pi_catherine_duffy Catherine Duffy

Considering Associated Electrical Industries Ltd v Alstom UK [2014]EWHC 430


Associated Electrical Industries Ltd v Alstom UK [2014]EWHC 430

Here the Claimant was 20 days late in serving the particulars of claim, the action was struck out.

Although, between the parties, it was disproportionate to strike out a claim for late service of the particulars, the current emphasis given by decisions of the Court of Appeal to enforcement of the CPR to encourage procedural discipline, led to the conclusion that the claim should be struck out and the extension of time refused.

The Facts

This was a claim for a contribution following the payment of damages in a mesothelioma claim. The claim form was served in September 2013. The Particulars of Claim were due to be served by 29th October 2013, they were not served until 18th November 2013. The claimant made an application to extend the time for service, the defendant made an application to strike out the claim.

Judgement of Smith J

  1. 1.      The period of non-compliance, 20 days, was not trivial

The claimant could have asked the defendant for an extension long enough before the deadline to enable it to apply to the court within time. However by the time the claimant asked the defendant for an extension, any application for an extension of time would have had to be made retrospectively, this displayed indifference to compliance with the CPR. The period of non-compliance was not trivial.

  1. 2.      There was no good reason for non-compliance

Investigations of the claim had not been straight-forward, however, the claimant appeared to have carried out investigations before issuing proceedings. Importantly the judge noted that if difficulties in investigating the claim had justified the particulars being late, a timely request for an extension should have been sought from the defendant.

  1. 3.      Was the possibility of issuing fresh proceedings relevant?

It was not for the instant court to determine whether a second action should be struck out as an abuse. However, if the defendant’ s application were granted, there was the real prospect that it would result in further litigation and the substantive dispute between the parties being eventually determined at more cost and after more delay (Birkett v James [1978] A.C. 297 considered).

Wyche v Careforce Group PLC [2013]EWHC 3282, had been criticised in Mitchell for taking account of the possibility of satellite litigation when considering whether to grant relief from sanctions. However Wyche was about satellite litigation and was not concerned with subsequent litigation that might be brought.

Courts were discouraged from giving too much weight to the prospect of unprofitable hearings, but Mitchell did not decide that that had always to be entirely disregarded (paras 38-40).

  1. The balance of justice, having regard to the CPR (see para 41 onwards).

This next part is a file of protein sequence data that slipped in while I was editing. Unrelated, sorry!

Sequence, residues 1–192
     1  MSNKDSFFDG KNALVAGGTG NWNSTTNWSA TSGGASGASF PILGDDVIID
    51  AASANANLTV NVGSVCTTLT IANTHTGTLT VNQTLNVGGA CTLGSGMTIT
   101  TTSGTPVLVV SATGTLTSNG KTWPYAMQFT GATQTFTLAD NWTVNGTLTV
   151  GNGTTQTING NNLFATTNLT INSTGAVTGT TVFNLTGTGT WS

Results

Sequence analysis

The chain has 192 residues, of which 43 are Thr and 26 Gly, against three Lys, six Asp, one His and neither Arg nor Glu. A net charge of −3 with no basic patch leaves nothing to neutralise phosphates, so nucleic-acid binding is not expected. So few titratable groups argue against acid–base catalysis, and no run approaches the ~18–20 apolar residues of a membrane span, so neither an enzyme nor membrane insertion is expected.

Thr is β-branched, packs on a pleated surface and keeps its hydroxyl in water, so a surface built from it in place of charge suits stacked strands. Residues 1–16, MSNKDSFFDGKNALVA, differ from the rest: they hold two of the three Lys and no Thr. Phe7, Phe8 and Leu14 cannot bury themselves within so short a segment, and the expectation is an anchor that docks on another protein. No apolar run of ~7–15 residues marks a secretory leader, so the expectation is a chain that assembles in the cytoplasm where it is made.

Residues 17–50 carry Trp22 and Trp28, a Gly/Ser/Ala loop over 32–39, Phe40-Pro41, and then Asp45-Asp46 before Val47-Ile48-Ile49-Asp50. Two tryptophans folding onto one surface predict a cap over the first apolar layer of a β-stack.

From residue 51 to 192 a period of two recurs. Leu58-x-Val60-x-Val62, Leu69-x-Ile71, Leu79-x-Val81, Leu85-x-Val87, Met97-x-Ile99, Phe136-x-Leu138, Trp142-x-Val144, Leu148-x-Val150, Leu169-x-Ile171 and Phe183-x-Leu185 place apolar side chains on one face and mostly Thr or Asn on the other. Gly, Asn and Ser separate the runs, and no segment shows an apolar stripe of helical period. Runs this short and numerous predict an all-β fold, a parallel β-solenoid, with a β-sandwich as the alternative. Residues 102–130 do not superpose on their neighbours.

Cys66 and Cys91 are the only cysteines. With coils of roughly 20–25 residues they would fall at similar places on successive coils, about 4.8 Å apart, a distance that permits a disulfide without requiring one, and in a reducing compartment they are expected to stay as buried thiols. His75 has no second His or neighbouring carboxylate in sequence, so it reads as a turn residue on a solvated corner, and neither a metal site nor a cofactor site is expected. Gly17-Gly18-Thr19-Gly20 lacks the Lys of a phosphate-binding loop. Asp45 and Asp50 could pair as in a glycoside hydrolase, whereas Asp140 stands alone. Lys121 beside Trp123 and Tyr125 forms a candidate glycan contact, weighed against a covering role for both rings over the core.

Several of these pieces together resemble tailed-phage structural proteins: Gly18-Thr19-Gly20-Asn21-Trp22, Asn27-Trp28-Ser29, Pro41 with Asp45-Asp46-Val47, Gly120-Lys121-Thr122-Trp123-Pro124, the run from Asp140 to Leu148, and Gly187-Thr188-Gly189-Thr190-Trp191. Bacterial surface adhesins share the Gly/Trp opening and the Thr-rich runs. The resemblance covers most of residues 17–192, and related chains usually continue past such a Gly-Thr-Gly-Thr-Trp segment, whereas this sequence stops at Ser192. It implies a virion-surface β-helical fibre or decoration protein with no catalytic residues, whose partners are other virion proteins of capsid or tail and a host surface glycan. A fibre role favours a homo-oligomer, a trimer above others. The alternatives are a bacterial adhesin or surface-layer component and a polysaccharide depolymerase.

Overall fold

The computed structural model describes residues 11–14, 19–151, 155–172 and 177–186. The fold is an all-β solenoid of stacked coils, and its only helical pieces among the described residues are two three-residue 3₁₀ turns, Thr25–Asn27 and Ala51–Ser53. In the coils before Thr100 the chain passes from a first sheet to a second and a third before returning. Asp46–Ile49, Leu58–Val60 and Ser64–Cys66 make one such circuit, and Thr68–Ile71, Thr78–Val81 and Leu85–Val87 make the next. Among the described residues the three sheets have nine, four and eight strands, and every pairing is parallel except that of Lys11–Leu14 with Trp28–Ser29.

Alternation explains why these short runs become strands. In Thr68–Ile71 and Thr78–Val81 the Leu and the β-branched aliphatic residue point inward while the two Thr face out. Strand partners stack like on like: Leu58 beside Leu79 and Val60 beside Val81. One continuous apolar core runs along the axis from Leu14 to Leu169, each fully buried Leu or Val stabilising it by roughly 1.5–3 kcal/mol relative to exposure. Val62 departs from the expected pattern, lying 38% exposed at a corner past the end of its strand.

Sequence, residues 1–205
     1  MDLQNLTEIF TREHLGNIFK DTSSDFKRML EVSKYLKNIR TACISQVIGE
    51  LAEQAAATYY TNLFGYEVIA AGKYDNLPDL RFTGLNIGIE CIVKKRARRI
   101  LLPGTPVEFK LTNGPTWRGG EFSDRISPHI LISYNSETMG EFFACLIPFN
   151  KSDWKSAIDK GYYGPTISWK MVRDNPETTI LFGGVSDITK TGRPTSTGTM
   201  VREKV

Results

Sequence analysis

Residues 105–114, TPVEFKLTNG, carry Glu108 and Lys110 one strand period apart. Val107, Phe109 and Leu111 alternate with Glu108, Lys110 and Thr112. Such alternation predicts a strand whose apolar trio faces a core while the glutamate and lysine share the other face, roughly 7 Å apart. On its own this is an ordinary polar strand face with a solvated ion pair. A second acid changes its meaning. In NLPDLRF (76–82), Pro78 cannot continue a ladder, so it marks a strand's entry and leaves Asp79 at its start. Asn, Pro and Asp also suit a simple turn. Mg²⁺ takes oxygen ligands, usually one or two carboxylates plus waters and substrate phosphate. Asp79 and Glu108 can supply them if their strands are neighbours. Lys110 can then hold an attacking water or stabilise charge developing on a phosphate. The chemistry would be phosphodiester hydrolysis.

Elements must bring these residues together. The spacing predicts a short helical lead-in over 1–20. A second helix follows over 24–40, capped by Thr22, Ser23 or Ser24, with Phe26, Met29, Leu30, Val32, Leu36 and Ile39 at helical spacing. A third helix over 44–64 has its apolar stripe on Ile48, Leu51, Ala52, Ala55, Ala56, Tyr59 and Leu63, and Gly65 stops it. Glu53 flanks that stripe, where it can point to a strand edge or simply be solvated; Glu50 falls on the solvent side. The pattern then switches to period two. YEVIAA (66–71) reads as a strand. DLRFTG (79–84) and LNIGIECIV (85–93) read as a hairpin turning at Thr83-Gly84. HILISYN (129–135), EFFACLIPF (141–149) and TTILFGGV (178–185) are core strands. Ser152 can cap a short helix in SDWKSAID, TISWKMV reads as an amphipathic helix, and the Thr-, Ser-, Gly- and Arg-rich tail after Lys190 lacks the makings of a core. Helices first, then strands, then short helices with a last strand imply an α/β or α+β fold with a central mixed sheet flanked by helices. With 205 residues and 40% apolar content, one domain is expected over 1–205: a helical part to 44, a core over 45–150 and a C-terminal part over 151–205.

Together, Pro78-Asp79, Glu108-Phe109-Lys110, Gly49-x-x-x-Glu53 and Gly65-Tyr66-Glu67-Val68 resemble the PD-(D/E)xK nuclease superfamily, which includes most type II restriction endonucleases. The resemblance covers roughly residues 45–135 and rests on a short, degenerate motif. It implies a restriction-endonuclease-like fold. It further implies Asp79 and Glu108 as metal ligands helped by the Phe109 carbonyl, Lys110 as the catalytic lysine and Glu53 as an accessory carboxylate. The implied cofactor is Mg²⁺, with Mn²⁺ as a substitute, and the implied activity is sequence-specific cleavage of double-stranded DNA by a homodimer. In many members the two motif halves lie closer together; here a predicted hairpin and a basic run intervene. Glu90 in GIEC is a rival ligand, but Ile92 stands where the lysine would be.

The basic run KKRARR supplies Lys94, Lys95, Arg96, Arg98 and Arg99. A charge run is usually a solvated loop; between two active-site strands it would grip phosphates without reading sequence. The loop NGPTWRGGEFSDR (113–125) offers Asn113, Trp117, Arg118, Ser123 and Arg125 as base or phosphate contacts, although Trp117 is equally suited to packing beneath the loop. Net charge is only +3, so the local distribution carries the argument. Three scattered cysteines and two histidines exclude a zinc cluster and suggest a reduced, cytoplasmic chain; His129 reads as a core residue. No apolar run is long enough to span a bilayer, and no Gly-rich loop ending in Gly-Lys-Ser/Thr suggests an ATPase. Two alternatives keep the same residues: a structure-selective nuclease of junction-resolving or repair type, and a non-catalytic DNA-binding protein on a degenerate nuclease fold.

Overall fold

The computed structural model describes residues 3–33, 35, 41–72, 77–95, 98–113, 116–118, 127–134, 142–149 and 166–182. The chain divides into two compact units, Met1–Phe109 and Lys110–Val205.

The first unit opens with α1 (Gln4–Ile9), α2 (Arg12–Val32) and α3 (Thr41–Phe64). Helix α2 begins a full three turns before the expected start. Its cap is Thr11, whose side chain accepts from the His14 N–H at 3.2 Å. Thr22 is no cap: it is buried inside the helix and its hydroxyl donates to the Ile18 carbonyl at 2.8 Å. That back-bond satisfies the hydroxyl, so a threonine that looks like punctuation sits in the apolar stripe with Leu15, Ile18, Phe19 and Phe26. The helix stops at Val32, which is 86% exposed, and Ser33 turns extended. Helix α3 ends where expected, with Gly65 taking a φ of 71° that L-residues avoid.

If the judge’s decision depended only on what would be just and fair between the claimant and the defendant, the court would not strike out the claim and would extend time, given the non-compliance had been remedied after 20 days and had not disadvantaged the defendant. However the court had to strike a balance between the interest of parties and the interests of others who might be affected. Nothing in Mitchell suggested that the court should disregard justice between the parties altogether.

Where relief from sanctions was sought CPR r 3.9 required the court to consider all the circumstances. Mitchell said that considerations other than those specifically mentioned in r3.9 were to be given less weight. That did not mean that the court had to give more weight to those specific considerations than to other aspects of the overriding objective and other relevant circumstances. Mitchell’s guidance was directed to applications under r3.9.

This did not help the claimant. The court still had to give effect to the overriding objective. The point at issue was the importance of enforcing the requirements of the CPR. It was considered that once it is understood that the courts will adopt a firm line on enforcement, there would be fewer applications under r3.9.

Although as between the parties it would be disproportionate to strike out the claim, the emphasis given to the enforcement of the CPR to encourage procedural discipline led to the conclusion that the claim should be struck out and the extension of time refused.

The result: application to extend time refused, application to strike out granted.

Smith J felt this was the only appropriate conclusion following the judgement in Mitchell.


–          This case again shows the problems with applications for relief from sanctions post Mitchell.

–          Applications for extensions of time must be made in advance of the date for compliance.



One comment

  1. […] My colleague Catherine Duffy, writing in Zenith PI blog, considers the AEI case in Mitchell Strikes Again – Late Service of Particulars […]

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